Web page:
Lychee

A very popular fruit grown throughout Southeast Asia,Hawaii and other US tropical zones, Lychee has a relatively short fruit season and when it happens, everyone seems to have lychee fruit to give away or sell very cheap.  Harvest season in Hawaii typically happens in May to June timeframe.  When the fruit is ripe and bright red, it is relatively easy to pull apart the leathery and thorny skin. Left for more than a few days and the skin gets tougher and harder to peel.  Flavor is sweet, juicy with fruity taste to the translucent skin.

 

 

Exotic Rambutan fruit

 

Rambutan

A very popular exotic fruit grown in Southeast Asia and other tropical regions, rambutan is a popular fruit that is sought after and tastes a little like lychee fruit. These colorful and hairy looking fruits are easy to open by just pulling apart the skin from the middle and then eating the white flesh from the large seed inside. Look for rambutan that are brightly colored from orange to red and avoid those that are starting to brown. Rambutan are flavorful and packed with vitamin C, manganese along with calcium, iron, potassium and other healthy minerals.

 

Chico sapote and sapodilla

 

Sapote or chico 

Called many different names depending on where you find them in Southeast Asia, Latin America and the Caribbean and other tropical regions. Sapote is a soft, creamy and easy to digest fruit, the sugary pulp is made with simple sugars of fructose and sucrose.  Fresh Sapote has fantastic nutrients that includes: powerful anti oxidants, calcium, magnesium, phosphorus and potassium and filled with vitamin A, B and C and other micro nutrients. Eat fruit when it is soft and the flesh is bright pink to reddish colors.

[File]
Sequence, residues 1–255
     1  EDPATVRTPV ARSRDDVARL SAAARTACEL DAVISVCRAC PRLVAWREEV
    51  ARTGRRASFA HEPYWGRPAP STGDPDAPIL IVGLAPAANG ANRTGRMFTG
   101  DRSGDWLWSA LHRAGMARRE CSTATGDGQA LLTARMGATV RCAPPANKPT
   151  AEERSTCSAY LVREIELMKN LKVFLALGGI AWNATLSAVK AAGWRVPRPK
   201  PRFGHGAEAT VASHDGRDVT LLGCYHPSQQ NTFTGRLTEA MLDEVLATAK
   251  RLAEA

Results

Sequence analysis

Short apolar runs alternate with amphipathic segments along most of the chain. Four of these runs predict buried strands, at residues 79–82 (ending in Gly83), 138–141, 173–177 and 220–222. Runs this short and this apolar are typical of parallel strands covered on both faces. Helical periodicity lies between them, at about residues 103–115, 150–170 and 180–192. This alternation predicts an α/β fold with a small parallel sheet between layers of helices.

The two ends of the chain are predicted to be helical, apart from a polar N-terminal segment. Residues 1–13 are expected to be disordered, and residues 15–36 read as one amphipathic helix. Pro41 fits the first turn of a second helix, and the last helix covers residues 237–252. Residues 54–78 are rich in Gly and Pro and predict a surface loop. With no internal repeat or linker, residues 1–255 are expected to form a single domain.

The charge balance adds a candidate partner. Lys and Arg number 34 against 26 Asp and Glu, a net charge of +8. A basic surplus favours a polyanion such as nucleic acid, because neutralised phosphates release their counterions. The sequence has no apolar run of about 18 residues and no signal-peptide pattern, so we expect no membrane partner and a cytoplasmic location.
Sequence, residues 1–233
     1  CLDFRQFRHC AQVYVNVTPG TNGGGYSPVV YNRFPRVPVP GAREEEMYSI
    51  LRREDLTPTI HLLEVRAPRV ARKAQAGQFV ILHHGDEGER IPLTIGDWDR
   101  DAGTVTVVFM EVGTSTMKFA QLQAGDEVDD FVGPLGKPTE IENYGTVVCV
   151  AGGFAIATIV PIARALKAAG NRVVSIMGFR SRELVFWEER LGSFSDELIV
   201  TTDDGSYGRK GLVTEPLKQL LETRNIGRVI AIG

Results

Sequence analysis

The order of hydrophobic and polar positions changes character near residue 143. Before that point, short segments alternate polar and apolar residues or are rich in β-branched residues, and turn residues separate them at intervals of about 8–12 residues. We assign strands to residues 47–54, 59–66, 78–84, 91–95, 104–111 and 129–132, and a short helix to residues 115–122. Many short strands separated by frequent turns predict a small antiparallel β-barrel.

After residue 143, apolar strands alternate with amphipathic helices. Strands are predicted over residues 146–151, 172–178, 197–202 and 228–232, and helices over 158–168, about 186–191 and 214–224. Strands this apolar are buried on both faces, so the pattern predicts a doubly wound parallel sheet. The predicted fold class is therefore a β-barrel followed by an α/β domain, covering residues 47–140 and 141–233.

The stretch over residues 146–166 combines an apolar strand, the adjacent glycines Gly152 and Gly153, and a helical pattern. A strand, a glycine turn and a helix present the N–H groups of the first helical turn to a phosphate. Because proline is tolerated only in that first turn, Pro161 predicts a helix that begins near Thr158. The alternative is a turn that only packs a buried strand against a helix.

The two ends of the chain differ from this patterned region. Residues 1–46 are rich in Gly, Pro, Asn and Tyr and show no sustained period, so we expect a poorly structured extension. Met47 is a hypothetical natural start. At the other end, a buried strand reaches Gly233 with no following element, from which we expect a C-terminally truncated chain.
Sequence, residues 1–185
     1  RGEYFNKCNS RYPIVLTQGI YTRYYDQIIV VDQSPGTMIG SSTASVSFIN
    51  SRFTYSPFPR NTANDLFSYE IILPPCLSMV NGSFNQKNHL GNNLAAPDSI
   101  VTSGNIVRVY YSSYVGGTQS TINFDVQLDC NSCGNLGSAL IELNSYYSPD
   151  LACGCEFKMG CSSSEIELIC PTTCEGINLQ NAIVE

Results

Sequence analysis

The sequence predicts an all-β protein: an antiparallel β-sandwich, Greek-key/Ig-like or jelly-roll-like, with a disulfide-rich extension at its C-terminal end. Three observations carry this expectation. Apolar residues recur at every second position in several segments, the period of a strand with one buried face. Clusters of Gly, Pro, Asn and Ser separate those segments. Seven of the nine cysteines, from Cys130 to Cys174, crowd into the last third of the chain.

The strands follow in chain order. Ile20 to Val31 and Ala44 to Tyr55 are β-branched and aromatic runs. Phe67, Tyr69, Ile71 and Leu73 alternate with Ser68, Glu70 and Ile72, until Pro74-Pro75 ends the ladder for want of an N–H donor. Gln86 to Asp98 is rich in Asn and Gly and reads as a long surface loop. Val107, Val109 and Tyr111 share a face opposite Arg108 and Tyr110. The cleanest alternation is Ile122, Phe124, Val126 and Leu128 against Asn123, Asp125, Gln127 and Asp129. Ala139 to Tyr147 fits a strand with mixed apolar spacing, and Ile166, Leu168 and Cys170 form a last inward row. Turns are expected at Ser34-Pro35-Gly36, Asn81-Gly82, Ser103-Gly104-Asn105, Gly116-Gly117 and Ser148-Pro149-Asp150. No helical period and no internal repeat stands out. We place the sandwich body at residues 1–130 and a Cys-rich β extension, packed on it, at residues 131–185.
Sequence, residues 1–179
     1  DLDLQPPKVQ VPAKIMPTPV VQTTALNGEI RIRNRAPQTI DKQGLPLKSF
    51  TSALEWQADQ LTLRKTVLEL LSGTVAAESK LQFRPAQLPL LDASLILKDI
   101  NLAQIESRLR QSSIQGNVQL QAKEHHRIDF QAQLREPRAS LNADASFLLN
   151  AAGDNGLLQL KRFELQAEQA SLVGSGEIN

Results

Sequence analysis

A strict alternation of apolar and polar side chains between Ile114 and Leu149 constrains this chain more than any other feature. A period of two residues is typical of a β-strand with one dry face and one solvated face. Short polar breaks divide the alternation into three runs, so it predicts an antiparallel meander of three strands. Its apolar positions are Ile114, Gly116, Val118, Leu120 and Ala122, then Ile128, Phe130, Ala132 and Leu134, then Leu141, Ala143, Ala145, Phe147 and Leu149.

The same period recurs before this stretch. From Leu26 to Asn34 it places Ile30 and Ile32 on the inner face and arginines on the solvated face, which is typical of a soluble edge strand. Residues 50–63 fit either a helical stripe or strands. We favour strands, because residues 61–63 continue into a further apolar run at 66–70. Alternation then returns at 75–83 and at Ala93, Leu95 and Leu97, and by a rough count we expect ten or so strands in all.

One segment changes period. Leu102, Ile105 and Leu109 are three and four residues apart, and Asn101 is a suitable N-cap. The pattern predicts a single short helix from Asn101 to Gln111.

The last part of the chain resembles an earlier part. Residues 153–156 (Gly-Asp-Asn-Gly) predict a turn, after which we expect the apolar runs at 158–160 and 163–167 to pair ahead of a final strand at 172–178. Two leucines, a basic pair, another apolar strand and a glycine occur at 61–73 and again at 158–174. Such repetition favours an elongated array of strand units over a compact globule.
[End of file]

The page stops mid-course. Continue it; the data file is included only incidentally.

Unusual and exotic Dragon fruit

Dragon fruit

Dragon fruit is a colorful fruit and quite nutritious, with a sweet tasting fruit with a combination of kiwi and pear flavor. When the dragon fruit is ripe, it’s both sweet and crunchy. The fruit is filled with anti-oxidants and fiber and has lots of vitamin C, phosphorus and calcium in each serving. To pick a ripe dragon fruit just look for bright red colors and no browning spots on the fruit, press the flesh for a little give just like a kiwi and you should find a nice one to eat.